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The five biggest data challenges for life sciences

Vimal Venkatram, Country Manager, Snowflake India explains that to be prepared for the future, all types of life sciences organisations from biopharma to medtech companies will need to find new ways to create value along with new metrics that will help them make sense of today’s wealth of data               

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The life sciences industry is at a turning point. To prepare for the future and remain relevant in the ever-evolving business landscape, biopharma companies and medical technology businesses are looking for new ways to create value and make sense of today’s wealth of data. Many companies are looking to leverage new-age technologies such as Artificial Intelligence (AI), Machine Learning (ML), and automation to accelerate the discovery and development of treatments. 

In the wake of the COVID-19 pandemic, organisations rushed to analyse unprecedented volumes of data in the race to develop the COVID-19 vaccine. As per Precedence Research, the Life Science Analytics market had a global value of $7.57 billion in 2019 and is projected to reach an estimated value of $18.12 Billion by 2030, expanding at a CAGR of 8.25 per cent.

 

Precedence Research also states that the rising penetration of big data usage in healthcare has boosted the life science care analytics segment. Data standardisation has become key in life science analytics.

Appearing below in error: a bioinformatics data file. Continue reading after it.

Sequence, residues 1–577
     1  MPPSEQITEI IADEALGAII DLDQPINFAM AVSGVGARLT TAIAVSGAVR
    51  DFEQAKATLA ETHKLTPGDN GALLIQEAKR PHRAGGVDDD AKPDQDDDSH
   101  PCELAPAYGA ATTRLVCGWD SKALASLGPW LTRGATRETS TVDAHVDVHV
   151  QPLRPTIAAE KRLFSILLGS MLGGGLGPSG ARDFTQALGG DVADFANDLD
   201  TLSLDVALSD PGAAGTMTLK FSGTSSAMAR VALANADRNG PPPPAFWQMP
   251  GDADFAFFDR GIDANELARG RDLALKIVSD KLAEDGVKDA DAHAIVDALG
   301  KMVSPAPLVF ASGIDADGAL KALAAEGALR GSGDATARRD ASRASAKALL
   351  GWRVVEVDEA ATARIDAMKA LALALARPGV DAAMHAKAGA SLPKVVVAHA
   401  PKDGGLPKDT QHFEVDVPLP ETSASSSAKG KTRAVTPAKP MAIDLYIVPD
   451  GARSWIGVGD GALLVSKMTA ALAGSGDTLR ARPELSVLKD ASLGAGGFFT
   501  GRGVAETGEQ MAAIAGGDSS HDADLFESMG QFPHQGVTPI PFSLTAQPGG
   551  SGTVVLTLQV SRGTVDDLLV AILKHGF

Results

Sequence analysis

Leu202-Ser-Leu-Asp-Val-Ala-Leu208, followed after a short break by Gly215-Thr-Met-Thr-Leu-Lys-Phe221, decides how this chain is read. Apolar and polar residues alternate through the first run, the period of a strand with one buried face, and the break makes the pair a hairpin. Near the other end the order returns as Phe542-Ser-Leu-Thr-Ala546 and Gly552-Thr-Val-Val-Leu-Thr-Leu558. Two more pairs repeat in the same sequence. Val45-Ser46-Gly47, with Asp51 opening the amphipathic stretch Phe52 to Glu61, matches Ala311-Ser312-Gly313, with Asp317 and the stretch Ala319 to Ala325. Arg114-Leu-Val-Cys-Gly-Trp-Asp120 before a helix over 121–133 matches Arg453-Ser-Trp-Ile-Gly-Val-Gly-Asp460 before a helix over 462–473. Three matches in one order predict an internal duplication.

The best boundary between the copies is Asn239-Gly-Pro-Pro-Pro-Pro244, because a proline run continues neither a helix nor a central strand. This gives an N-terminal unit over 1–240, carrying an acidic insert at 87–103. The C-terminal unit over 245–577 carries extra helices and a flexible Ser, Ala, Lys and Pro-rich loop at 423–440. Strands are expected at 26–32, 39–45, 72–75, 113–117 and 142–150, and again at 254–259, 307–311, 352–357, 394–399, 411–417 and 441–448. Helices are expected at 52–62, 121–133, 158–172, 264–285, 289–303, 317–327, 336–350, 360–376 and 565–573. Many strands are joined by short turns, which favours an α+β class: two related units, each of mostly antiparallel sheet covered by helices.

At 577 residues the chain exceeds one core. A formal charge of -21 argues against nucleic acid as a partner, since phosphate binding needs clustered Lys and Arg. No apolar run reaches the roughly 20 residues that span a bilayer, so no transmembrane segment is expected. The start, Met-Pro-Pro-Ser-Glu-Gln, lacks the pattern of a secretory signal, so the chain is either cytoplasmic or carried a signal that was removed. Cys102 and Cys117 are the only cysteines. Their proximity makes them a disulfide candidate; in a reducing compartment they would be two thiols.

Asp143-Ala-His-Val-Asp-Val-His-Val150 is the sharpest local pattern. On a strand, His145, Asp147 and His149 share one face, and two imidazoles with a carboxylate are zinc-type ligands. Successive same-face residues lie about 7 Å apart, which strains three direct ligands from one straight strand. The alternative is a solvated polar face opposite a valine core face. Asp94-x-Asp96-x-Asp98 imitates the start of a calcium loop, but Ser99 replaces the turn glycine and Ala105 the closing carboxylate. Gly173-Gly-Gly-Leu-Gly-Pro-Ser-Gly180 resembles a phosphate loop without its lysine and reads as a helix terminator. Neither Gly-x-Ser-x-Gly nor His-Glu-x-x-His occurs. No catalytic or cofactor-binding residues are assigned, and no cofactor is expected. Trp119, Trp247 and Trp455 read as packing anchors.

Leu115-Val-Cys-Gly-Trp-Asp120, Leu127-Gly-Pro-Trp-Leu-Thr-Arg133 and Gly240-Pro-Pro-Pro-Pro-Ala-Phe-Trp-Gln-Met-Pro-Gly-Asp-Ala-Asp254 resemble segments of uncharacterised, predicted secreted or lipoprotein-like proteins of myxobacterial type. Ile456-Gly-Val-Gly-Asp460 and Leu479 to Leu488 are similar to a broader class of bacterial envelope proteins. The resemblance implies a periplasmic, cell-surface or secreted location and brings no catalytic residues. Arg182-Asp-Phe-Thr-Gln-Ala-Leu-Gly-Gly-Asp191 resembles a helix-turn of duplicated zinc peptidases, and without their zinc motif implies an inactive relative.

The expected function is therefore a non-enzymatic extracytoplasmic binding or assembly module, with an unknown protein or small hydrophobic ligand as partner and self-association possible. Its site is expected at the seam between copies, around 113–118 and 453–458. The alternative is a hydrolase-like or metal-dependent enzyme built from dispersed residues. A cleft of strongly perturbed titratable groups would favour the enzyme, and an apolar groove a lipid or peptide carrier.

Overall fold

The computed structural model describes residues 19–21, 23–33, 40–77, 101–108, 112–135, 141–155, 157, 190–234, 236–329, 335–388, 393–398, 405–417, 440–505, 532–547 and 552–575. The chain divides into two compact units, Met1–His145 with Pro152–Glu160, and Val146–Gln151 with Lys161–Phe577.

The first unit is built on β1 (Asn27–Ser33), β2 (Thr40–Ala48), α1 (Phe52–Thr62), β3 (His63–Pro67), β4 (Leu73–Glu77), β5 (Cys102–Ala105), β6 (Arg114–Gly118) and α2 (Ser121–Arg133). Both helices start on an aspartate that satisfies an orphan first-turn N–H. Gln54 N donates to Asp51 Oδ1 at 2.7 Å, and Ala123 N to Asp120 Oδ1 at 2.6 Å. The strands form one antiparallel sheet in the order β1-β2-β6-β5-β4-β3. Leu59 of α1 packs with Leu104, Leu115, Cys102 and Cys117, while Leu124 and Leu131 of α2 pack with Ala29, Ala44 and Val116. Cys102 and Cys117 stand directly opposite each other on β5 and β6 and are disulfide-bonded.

To be prepared for the future, all types of life sciences organisations from biopharma to medtech companies will need to find new ways to create value along with new metrics that will help them make sense of today’s wealth of data. The exploding volume and variety of data pose significant management and security challenges for life sciences companies using outdated legacy on-premises and cloud database systems. Additionally, these legacy systems hinder life sciences organisations from attaining the level of data diversity they need to improve business processes and make critical decisions.

 

Here are five common challenges life sciences companies face in leveraging data for better therapeutic and business outcomes: 

 

Data quality

To conduct R&D and clinical trials and manage day-to-day business, life sciences companies need to process a vast amount of real-world data that comes in a wide variety of formats. Life sciences companies futilely spend precious time ingesting, cleaning, and organising the data, but legacy data warehouses cannot deliver data in a way that enables fast accurate analysis and insights. In addition, the data often sits in two silos: commercial, for data such as sales and marketing records, and regulated, for data such as clinical trial and laboratory reports.

 

Data performance